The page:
T Nation

Studies on Max LBM Gains

T-Nation is an incredible resource, both collectively and individually. And sometimes I remind myself that I’m not taking full advantage of that resource.

A question for the exercise phsyiologists out there. Are you aware of any credible studies (recent or older) that show how much LBM the following types/groups of individuals can gain in a year’s time:

  • Trained male athlete
  • Untrained male
  • Trained female athlete
  • Untrained female

I’m looking for studies more than I am anecdotal information.

I am not trying to degrade what you are asking, but the question implies that every possible genetic outcome could be tested somehow. A male athlete could range from someone built like a Wimbledon participant to someone built like a lineman.

The fact that there are gigantic differences in the results one guy may see compared to another, it wouldn’t really matter if a study had been performed. It would only apply to those specific individuals tested and not anyone who fits a different profile.

True! “Trained” could mean aerobically, or it could be referring to resistance training.

I just see different numbers being reported, and I’d like to see how the study was designed or structured.

[quote]Tampa-Terry wrote:
True! “Trained” could mean aerobically, or it could be referring to resistance training.

I just see different numbers being reported, and I’d like to see how the study was designed or structured.[/quote]

I honestly can’t stand to hear specific numbers being thrown around because most are completely arbitrary or totally made up on the spot. They are also based on what that specific author has experienced. For anyone to make a claim that the human body is limited to “insert small number here” over a given period of a time is a little ridiculous.

There are too many factors involved, the most important of which is genetic ability. After that, food intake, level of intensity when lifting and stage of development are also factors. There ARE gifted individuals who will always blow someone’s “theory” out of the water. The people who don’t acknowledge that are usually those who had a hard time gaining any size at all and are still holding a grudge.

You may want to check out “The Zone” by Barry Sears. You should be able to get it at the library. In chapter five he relates a 6 week training program for elite football and basketball players. The athletes gained 11 pounds over the time period, increase LBM 8%, and dropped body fat 20%. I would estimate from these numbers about 1.5 to 2 pounds of muscles were gained per week. I am assuming these athletes were big and genetically gifted. They also were training hard and being meticulous about their diet. I suspect what they were experiencing was not normal.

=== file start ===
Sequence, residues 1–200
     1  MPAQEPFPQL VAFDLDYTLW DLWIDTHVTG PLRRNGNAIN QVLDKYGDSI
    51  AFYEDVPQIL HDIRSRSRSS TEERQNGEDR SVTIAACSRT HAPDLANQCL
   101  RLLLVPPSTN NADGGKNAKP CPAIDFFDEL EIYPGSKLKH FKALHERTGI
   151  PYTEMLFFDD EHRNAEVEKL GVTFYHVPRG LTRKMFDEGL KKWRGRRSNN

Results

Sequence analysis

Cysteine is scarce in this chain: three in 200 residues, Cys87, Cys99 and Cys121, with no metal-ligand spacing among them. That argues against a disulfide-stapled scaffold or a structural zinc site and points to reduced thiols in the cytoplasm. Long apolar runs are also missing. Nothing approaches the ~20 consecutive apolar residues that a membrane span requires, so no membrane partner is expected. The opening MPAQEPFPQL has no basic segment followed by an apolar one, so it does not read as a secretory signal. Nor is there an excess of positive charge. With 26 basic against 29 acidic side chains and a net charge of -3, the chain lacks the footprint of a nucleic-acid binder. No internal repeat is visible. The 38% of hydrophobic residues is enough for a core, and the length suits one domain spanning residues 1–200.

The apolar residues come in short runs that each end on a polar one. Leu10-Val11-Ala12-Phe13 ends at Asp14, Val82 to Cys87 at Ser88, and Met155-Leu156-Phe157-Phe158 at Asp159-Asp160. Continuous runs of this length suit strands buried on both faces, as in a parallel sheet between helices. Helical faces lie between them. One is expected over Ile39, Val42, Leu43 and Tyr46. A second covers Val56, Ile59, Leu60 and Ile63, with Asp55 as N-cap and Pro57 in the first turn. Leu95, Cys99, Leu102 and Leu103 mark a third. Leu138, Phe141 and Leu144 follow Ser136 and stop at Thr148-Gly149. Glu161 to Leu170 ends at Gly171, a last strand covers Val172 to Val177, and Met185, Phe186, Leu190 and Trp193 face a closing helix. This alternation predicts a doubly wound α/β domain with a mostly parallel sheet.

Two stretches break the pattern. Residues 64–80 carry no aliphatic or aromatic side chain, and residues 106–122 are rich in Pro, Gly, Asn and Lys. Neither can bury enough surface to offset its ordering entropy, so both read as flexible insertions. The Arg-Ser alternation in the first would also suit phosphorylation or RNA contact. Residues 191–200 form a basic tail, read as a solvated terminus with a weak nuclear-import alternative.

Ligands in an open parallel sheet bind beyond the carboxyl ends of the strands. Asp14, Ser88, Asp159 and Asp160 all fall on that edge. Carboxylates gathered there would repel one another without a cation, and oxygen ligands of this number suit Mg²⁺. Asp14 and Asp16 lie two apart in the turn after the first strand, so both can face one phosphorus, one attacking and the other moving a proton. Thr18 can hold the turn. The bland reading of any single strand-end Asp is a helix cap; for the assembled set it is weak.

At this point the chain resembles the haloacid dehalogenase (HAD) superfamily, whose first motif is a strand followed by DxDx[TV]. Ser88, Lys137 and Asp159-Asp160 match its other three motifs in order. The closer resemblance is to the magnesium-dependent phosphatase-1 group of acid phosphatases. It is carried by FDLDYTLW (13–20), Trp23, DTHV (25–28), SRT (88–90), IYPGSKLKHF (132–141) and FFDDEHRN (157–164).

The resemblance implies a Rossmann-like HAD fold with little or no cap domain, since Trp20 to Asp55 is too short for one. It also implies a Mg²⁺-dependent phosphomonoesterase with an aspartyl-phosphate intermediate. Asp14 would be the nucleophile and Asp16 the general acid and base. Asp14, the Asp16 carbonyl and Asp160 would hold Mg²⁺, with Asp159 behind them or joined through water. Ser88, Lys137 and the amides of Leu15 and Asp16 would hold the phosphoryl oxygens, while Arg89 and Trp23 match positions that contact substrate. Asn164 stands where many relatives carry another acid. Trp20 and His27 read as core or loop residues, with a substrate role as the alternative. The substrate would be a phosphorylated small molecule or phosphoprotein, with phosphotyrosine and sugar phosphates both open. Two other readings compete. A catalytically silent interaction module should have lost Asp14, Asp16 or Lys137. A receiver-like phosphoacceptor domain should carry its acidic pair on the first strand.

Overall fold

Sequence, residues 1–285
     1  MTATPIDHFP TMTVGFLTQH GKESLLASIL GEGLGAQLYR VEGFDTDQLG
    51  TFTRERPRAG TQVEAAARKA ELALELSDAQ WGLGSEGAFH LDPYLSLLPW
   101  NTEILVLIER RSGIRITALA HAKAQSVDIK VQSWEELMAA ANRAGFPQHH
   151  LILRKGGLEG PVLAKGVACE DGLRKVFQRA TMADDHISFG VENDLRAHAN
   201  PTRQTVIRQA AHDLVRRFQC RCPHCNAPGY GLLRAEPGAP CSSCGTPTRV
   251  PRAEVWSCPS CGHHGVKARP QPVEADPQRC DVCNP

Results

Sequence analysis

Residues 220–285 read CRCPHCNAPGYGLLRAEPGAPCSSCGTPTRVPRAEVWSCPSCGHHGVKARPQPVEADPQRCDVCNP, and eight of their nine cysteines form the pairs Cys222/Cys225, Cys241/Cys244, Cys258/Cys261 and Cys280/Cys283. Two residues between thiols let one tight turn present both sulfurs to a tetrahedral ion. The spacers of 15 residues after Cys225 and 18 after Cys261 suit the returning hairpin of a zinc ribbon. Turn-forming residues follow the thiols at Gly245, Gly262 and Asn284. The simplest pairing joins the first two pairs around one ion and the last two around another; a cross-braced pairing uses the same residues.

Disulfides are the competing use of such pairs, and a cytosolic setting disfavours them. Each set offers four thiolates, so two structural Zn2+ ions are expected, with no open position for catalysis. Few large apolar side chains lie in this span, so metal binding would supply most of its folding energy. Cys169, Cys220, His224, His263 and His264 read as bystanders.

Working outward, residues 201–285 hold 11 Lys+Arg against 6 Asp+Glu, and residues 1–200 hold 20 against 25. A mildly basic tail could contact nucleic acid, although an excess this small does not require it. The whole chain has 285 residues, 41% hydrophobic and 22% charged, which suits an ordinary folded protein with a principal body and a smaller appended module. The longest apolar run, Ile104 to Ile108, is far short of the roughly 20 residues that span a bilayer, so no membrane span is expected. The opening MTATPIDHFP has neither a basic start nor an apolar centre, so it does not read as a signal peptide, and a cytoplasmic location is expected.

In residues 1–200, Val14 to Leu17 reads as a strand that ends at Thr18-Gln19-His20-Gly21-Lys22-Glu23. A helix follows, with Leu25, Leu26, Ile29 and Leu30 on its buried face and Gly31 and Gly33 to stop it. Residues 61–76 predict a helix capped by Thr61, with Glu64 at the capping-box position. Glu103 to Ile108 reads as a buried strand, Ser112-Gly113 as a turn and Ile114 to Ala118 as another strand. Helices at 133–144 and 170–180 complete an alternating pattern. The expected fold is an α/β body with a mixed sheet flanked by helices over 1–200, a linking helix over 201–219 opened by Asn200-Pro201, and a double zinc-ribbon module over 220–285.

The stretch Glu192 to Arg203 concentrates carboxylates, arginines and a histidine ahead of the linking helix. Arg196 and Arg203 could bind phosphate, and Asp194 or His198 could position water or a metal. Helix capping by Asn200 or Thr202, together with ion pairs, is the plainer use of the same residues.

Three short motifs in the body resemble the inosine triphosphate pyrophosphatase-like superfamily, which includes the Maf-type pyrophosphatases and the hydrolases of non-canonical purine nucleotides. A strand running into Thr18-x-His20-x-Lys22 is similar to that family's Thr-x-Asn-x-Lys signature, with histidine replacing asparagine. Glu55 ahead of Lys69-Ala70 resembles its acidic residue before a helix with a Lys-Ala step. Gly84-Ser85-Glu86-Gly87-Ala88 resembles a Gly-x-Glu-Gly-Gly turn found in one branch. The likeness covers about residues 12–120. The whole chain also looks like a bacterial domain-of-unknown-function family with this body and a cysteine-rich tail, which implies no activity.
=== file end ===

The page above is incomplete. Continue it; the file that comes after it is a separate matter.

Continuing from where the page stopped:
Covert Bailey in his book “Smart Exercise” claims the most muscle mass a person can add in one week is a pound. (page 234)

Dr. Fred Hatfield, in his book “Hardcore Bodybuilding: A Scientific Approach” includes a chart on pages 179 that lists the amount of time it will take to put on a given amount of muscle mass. For someone with a lean body mass of 300 pounds it figures out to about a pounds a week. People with a lean body mass of 100 pounds figure out to about a half pound a week. He also gives ranges in 20 pounds intervals from 100-300 pounds lean body mass. All the figures fall between the half to one pound figures.

From this data I would put the amount of mass a person can put on with dedicated work, proper diet, and good rest between half to two pounds a week. Putting on muscles is a slow, steady process. The numbers may be skewed for those who eat massive amounts of protein and are juiced, but for most people putting on 25-50 pounds of muscle in a year is a major accomplishment. Just my thoughts.

BigDaddyT, that was helpful. I was expecting that the numbers would be all over the place, but those are all names/sources that I’m familiar with and respect. And knowing Sears, I have no doubt that he used an accurate method to test body fat.

I actually asked David Barr, and he wasn’t aware of any studies off the top of his head, so I really appreciate your taking the time to draw from all the different sources you did. Methinks I’ll hit the bookstore tomorrow night! (grin)

Take a look at Kyoshi Moody’s interview and the thread that follows. Especially the pic of him last November in relation to his recent contest win. Not one person in a thousand could probably make that kind of progress, but he did and I’m inclined to believe his claim of being natural.

The point is, as has been said, that outside of some VERY broad absolutes, the answer is there is no answer.